Do people ever come to repentance, when the cost in human terms is so high?
It is of course, next to impossible to persuade a happily "married" couple to forsake a forbidden marriage. Such a "hard line" will certainly prevent most people from joining or staying with the church.
If it were not for the example of those men of Ezra's time, who paid such a high price to restore themselves to obedience, (Ezra 10:44), we would doubt whether it would ever be possible today.
However, their faith is certainly evidence that there can be Biblical warrant for separation of a marriage which has not been joined by God. If faith in God made it possible then, faith will make it just as possible today for those who do truly love Jesus. (John 14:15 & 23-24)
When a marriage has taken place it is sometimes suggested that repentance is satisfied by a verbal admission of guilt, which then allows the parties to continue in their relationship without it being adulterous any longer. However, this is a very inadequate "repentance".
In no other case does repentance from sin allow the sinner to continue with the deed!
Repentance is a mental condition and a state of heart. It is also a recognition that we cannot continue to do the thing of which we repent. The sin of "adultery by remarriage" will surely require the same "deeds worthy of repentance" (Acts 26:20), as any other form of adultery (or any other sin).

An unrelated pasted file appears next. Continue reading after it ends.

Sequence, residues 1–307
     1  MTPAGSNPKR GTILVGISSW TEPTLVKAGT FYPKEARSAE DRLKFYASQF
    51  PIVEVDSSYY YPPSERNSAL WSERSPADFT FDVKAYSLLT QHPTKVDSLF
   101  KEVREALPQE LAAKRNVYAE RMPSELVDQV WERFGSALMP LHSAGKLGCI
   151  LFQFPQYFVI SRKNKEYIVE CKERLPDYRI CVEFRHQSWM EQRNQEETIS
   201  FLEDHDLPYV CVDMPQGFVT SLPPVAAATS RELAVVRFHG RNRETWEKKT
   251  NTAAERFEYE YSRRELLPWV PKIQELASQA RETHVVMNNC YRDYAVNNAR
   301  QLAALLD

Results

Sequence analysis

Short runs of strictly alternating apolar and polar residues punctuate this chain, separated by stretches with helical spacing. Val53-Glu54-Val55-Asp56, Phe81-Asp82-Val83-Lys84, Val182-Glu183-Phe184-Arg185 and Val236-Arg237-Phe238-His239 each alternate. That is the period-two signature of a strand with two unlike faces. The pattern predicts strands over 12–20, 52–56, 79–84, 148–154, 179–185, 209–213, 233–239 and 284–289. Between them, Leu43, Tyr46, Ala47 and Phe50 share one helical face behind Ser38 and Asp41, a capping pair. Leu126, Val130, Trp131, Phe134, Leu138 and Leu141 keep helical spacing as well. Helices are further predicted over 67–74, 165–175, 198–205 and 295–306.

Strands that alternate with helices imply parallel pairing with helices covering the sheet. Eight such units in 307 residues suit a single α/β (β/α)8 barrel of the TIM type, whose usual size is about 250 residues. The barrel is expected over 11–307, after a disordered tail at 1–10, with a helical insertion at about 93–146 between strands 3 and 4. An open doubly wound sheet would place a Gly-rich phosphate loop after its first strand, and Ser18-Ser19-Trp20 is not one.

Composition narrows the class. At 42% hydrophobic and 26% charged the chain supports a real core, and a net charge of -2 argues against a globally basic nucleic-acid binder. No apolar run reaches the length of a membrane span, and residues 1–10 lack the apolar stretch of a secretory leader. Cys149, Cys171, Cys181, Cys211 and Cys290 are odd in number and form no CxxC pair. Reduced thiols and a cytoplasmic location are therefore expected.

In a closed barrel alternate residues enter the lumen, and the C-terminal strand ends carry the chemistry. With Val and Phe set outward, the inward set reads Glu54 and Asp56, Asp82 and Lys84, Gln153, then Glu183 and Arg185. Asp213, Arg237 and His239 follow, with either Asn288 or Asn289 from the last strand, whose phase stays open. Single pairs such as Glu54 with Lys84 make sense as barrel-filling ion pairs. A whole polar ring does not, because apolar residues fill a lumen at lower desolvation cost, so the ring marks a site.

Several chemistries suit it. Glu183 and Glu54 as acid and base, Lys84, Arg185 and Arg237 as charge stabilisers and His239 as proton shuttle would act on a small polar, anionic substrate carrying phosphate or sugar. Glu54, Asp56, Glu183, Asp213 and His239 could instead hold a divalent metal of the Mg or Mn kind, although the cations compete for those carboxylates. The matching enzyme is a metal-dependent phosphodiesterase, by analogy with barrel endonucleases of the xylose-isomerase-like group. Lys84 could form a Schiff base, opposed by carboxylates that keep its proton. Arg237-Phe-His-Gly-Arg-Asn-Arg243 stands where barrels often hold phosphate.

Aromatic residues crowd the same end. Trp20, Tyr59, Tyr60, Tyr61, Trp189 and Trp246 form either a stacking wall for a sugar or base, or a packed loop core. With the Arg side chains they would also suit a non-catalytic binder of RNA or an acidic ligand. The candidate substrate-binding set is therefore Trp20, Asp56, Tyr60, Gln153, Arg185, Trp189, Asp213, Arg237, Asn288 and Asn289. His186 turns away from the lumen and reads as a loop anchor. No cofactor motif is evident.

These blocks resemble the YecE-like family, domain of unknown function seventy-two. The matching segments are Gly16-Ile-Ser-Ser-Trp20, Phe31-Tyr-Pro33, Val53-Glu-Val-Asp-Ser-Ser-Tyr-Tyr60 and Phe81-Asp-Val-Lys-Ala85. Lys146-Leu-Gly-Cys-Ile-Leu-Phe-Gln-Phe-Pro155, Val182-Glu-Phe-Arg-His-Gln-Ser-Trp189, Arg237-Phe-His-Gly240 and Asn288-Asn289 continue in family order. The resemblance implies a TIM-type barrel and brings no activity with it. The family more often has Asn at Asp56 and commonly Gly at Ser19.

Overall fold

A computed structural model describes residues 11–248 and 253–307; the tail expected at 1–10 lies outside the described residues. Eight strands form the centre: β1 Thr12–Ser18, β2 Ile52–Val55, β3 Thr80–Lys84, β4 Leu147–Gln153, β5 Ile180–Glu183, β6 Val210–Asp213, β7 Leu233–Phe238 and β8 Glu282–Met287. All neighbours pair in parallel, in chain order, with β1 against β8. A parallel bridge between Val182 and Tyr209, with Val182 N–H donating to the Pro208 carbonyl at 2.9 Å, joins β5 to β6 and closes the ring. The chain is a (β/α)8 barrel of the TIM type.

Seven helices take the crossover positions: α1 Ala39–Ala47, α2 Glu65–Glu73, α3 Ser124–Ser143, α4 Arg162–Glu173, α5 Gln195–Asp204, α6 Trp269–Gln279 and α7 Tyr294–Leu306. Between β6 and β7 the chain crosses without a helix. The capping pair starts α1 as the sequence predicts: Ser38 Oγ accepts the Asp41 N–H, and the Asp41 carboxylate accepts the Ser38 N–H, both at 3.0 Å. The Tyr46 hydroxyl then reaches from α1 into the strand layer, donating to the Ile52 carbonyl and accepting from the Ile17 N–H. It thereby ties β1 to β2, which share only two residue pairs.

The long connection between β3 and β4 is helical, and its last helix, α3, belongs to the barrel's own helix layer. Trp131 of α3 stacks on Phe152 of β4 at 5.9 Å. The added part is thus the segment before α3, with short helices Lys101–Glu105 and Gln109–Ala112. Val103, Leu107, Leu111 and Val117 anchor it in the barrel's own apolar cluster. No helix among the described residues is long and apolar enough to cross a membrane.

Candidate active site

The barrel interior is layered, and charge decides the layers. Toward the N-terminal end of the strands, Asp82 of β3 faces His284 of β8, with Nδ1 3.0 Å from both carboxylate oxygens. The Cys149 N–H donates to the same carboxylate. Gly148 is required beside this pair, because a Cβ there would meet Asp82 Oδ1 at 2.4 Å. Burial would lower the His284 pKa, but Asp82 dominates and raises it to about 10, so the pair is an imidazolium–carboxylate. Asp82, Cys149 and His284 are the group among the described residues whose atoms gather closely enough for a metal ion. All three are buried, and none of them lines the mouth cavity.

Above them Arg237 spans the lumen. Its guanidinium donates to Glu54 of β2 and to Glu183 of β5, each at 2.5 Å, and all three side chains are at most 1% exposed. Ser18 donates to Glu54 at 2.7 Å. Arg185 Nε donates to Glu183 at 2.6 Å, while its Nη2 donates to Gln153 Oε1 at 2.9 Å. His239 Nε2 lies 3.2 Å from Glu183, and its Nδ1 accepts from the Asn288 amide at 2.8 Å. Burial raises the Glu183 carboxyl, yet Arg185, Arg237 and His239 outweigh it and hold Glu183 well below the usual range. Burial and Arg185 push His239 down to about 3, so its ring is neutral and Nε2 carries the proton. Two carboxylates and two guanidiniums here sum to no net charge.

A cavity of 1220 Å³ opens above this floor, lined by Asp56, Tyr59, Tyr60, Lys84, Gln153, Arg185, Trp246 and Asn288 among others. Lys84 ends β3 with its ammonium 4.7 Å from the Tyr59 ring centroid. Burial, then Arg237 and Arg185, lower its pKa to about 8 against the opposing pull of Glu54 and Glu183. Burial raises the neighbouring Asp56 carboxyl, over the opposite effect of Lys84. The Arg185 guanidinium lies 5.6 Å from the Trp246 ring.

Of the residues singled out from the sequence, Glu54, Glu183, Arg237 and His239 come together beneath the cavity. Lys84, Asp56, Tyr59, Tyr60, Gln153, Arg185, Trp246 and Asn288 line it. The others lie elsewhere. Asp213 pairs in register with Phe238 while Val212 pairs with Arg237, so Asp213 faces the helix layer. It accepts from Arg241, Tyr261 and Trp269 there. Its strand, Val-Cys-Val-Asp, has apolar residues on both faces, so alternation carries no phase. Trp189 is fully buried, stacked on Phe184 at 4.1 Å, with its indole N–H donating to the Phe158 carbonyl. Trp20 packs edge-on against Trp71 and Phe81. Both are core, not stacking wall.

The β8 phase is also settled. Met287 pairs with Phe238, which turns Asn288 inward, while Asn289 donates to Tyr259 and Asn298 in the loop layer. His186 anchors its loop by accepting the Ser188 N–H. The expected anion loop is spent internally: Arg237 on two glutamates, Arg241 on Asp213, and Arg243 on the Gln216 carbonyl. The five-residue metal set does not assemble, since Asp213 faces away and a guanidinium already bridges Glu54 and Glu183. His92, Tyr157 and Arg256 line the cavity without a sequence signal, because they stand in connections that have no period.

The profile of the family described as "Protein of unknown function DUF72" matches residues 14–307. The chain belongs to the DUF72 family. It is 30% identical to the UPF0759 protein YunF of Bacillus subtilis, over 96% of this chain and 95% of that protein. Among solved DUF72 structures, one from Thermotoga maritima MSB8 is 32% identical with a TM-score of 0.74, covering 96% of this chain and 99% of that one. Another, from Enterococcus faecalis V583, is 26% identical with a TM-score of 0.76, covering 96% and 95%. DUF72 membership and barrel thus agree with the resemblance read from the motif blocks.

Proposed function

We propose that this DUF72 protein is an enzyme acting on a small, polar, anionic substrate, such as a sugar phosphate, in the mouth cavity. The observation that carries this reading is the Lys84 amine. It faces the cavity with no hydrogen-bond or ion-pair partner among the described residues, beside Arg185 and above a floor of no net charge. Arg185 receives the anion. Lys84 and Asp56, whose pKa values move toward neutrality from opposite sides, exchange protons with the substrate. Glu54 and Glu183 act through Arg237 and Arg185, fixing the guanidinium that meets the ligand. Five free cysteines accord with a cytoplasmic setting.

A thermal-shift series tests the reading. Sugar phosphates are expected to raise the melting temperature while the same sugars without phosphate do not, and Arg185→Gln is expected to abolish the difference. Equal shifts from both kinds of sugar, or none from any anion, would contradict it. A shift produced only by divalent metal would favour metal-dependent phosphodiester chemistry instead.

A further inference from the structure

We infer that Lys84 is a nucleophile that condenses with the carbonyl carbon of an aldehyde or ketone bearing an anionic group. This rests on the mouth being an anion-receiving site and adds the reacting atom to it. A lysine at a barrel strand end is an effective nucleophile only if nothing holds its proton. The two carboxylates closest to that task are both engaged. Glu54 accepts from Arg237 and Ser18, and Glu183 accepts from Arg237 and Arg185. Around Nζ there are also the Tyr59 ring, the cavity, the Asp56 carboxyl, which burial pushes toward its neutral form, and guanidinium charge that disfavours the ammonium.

The case is no different to that of say, a bank robber. Can a thief repent and then continue to live off the proceeds of his theft?
Perhaps he has bought a house with the proceeds. Can he keep the house?
Perhaps he has a wife and children. Perhaps he has no other means of support. Perhaps restitution will expose his crime to the authorities and he may even go to prison as a result, leaving his wife and family destitute, without a husband or father.
Can any of these things alter the nature of the works which are worthy of repentance? Must he not "count the cost" and choose Jesus before wife, children, house, lands, possessions, reputation and all else?
In response to this hard (but not hard hearted!) teaching about divorce and remarriage, the disciples began to question the wisdom of marrying at all! (Matt 19:10-12).
Jesus was uncompromising.
Yes, indeed, there are some who are called to a life of celibacy for the sake of the Kingdom of Heaven.
Few can receive it, but clearly, one application of this difficult teaching refers to those who must choose to remain separated and single after a marriage break up.
Equally it applies to those who must choose to forsake a "legal" marriage which Jesus plainly calls adulterous.
No repentance is easy when the sin appeals to our deepest human instincts.
It will certainly not be easy for those caught up in the emotional snare of an adulterous "marriage".